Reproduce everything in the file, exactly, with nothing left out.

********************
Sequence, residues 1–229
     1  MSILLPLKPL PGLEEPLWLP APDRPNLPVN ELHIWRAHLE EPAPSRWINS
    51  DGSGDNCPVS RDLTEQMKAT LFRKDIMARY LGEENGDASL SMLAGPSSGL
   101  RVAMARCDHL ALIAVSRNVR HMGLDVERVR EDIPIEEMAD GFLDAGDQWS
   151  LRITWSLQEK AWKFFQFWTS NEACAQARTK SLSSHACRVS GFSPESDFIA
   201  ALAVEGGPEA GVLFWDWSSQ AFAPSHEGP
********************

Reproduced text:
Sequence, residues 1–229
     1  MSILLPLKPL PGLEEPLWLP APDRPNLPVN ELHIWRAHLE EPAPSRWINS
    51  DGSGDNCPVS RDLTEQMKAT LFRKDIMARY LGEENGDASL SMLAGPSSGL
   101  RVAMARCDHL ALIAVSRNVR HMGLDVERVR EDIPIEEMAD GFLDAGDQWS
   151  LRITWSLQEK AWKFFQFWTS NEACAQARTK SLSSHACRVS GFSPESDFIA
   201  ALAVEGGPEA GVLFWDWSSQ AFAPSHEGP